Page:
Chilling ‘Sleepy Hollow’ immerses viewers

With the numerous TV shows being piloted throughout the 2013-2014 season, choosing a new show to get hooked on may seem a little difficult. Shows like “The Blacklist” on NBC, “The Tomorrow People” and “The Originals” on CW, or “Almost Human” and “Sleepy Hollow” on FOX have added to a pretty lengthy list of new shows. That being said, “Sleepy Hollow” might be at the top of the list, as many are drawn to the show because of its historical and mythical storyline. And, upon watching the show, there’s much more to be excited about.
It’s easy to be concerned by the first episode, asking “Where could this possibly lead?”  A show based entirely on the headless horseman may seem like a recipe for a stagnating storyline and a repeat of “The Walking Dead.” However, “Sleepy Hollow” does so much more. The show expands its storyline to include the biblical “Book of Revelations,” which foretells of the end of the world, a cliché and unoriginal choice but still very entertaining.
The headless horseman, advertised as the primary villain of the show, becomes a sidestory as witches and demons fight to bring about the prophesied “End of Days.” In the villains’ way is Ichabod Crane (Tom Mison) and a local deputy sheriff of Sleepy Hollow, New York. Ichabod is the original hero of the “Sleepy Hollow” myth and has been transported 250 years into the future in order to stop the onslaught. The writers of “Sleepy Hollow” are able to make his transition into contemporary life sufficiently awkward without sacrificing much time into explaining the minor details. The style and craft of the writing team for this show is able to sneak subversive messages into the plot, while still maintaining a fast-paced story.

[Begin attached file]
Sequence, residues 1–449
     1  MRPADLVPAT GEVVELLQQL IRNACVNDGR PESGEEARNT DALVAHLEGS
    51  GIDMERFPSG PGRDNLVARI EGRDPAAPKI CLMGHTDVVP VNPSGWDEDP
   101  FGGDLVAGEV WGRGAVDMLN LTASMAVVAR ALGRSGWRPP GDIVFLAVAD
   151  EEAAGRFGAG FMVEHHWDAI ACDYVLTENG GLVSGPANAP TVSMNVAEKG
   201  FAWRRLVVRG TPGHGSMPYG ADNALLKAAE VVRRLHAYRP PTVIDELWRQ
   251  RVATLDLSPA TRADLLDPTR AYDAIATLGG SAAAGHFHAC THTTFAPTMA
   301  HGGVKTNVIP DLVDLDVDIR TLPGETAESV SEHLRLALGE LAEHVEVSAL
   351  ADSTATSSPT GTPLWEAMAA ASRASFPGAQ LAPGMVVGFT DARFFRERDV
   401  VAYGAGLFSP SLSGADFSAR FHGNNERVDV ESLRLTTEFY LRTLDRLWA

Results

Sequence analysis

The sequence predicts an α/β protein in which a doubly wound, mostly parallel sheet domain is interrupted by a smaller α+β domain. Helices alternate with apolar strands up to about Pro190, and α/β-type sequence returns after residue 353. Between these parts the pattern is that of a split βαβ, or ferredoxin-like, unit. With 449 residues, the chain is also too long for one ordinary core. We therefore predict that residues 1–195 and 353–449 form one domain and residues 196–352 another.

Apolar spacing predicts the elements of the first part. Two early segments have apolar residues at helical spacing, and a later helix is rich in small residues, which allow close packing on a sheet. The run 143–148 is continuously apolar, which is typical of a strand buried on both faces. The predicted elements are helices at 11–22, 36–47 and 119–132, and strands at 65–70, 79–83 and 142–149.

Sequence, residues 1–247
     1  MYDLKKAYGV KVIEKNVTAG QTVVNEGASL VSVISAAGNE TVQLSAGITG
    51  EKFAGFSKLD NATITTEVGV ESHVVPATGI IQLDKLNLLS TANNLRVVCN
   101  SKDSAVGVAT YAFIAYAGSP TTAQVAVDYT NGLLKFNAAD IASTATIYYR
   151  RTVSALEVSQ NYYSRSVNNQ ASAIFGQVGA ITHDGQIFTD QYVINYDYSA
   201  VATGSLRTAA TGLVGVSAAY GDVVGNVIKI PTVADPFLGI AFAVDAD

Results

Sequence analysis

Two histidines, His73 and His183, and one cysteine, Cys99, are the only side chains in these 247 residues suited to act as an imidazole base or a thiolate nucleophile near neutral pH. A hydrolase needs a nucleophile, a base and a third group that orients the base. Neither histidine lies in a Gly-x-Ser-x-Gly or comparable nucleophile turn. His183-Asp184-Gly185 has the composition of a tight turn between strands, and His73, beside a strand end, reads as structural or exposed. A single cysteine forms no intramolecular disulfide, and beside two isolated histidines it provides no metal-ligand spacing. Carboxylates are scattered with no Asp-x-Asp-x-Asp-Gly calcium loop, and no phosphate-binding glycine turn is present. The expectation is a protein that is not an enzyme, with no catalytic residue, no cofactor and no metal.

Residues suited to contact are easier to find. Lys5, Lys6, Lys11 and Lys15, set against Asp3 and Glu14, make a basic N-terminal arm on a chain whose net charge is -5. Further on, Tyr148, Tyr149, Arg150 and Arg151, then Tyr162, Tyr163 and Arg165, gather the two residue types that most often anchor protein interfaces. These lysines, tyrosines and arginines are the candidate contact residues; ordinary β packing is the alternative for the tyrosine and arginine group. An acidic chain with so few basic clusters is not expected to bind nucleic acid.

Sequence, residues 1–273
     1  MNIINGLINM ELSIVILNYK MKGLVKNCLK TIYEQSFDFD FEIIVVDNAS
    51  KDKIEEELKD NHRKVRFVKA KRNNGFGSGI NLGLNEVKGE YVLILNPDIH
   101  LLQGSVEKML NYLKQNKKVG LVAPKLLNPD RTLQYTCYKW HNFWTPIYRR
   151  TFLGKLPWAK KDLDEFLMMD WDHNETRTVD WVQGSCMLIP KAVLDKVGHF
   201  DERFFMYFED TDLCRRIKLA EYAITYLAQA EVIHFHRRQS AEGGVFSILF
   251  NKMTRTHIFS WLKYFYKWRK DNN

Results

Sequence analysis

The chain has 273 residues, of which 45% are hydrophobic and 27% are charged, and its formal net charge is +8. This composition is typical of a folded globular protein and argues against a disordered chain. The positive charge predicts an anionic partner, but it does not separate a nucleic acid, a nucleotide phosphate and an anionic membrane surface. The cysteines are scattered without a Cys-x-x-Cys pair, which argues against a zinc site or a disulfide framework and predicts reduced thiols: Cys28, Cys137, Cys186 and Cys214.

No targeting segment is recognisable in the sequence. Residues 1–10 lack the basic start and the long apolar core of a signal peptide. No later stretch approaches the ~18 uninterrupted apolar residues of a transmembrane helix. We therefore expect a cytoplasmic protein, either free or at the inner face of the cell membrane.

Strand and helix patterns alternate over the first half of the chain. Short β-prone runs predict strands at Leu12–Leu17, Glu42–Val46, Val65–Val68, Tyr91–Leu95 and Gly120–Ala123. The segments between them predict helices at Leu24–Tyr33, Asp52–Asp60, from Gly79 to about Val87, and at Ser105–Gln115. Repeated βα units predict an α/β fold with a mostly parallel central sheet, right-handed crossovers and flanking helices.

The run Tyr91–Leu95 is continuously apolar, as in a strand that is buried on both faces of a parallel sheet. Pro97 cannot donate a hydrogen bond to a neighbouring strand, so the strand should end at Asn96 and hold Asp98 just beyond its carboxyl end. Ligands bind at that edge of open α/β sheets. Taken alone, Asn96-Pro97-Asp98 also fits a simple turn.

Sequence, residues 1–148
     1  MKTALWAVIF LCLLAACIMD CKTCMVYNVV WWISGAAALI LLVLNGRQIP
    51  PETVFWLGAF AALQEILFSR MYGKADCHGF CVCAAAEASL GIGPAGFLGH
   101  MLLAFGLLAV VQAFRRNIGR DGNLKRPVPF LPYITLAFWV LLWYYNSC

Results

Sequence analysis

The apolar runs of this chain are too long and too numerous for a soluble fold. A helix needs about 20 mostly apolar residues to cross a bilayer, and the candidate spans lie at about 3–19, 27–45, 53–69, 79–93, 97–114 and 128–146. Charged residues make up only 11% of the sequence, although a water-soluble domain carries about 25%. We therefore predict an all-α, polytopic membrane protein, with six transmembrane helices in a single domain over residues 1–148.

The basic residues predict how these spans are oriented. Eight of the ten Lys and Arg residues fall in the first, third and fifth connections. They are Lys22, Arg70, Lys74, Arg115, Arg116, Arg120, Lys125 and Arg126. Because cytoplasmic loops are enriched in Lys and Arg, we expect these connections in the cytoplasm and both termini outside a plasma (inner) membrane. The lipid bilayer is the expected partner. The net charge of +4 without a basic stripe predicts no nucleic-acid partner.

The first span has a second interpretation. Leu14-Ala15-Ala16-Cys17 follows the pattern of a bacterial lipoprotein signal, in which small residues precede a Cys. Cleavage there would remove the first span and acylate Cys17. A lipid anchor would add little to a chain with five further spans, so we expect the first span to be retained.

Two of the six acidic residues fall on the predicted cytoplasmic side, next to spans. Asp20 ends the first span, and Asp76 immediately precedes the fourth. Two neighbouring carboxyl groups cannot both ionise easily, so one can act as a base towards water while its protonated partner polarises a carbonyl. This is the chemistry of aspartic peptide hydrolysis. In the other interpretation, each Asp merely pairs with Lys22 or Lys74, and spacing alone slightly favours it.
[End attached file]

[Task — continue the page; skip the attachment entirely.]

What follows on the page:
Those who aren’t into horror, suspense, thrillers or anything of the sort may at first be a little apprehensive about watching a show based entirely on grotesque demons. But “Sleepy Hollow” artfully toes the line between inspiring quick dashes under the sheets and peeking out from under the covers to watch more. Even if horror is one of your no-nos, don’t be afraid to watch this show because while it is chilling, it doesn’t go as far as “American Horror Story” or other shows like that.
The only problem with the show so far is that it seems to have become somewhat repetitive. An average episode goes like this: Ichabod or his partner receive a message of some kind from a spiritual source (often a dream) foretelling of their next adversary, at which point the partners research their enemy and investigate various happenings around town. Then, when night falls, the demon or witch arrives and a fight breaks out, with the resolution being a return to relative safety. With some slight variation this storyline has remained constant. In order for “Sleepy Hollow” to make it as a major show, the makers should find a way to progress the plot in a more diverse way.
Overall, “Sleepy Hollow” is an immensely entertaining show, combining elements of a crime drama with those of a horror show. As long as the writers get a little more creative with their storyline, this show is a definite must-watch.